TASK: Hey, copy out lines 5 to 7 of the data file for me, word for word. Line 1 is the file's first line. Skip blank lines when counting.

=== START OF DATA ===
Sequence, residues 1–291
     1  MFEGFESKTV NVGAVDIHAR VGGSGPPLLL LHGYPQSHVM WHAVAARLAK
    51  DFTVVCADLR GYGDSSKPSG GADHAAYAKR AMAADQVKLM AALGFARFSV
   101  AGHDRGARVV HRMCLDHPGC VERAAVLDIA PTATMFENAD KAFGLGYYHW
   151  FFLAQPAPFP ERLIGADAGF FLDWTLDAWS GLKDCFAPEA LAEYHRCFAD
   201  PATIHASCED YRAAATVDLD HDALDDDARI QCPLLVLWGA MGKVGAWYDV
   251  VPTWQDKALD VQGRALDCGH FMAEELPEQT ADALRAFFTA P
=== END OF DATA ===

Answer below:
   151  FFLAQPAPFP ERLIGADAGF FLDWTLDAWS GLKDCFAPEA LAEYHRCFAD
   201  PATIHASCED YRAAATVDLD HDALDDDARI QCPLLVLWGA MGKVGAWYDV
   251  VPTWQDKALD VQGRALDCGH FMAEELPEQT ADALRAFFTA P